All these explanations pale, of course, beside the impact of a humming economy. Even young black men, who've been left behind during previous economic recoveries, are finally joining the party, getting jobs and going to school in impressive numbers.

None of this means black America's troubles are behind us, or that black-white gaps -- in school achievement, family income, crime, health and wealth -- have been closed. But the fact that a growing economy has absorbed more of the urban poor and reduced the so-called underclass proves that the existence of a work-resistant underclass, trapped in a culture of poverty, was a pernicious myth, crafted by conservatives and assented to by compassion-fatigued liberals. Such incredible progress in a decade should encourage us that more progress is to come. Why use the occasion of great good news to harp on what hasn't been achieved?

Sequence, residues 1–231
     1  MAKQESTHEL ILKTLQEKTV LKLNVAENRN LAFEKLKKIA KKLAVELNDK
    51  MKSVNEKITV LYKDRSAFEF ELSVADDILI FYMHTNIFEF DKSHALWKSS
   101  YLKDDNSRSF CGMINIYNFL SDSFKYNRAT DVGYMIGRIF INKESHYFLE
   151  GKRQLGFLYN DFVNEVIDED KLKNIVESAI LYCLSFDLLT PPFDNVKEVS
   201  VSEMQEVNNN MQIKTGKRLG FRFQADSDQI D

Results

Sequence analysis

It's the same gloom Cose traded in throughout much of "Rage of a Privileged Class." It's not that he was wrong about what he reported. The poll data was fascinating, the interviews rang true and my own experiences bore it out. In fact, I read the book because I'd seen several black friends get more bitter about race the more they achieved in their careers, and I wanted to understand it better. I watched a successful investment banker, who'd achieved more than any white person I was close to, increasingly harp on how the best business was going to whites in his office. To me, the issue was as much class as race: the best business tips passing between Stanford buddies and Harvard cronies and fraternity brothers -- a world that my brother, for instance, isn't part of either, although he is white.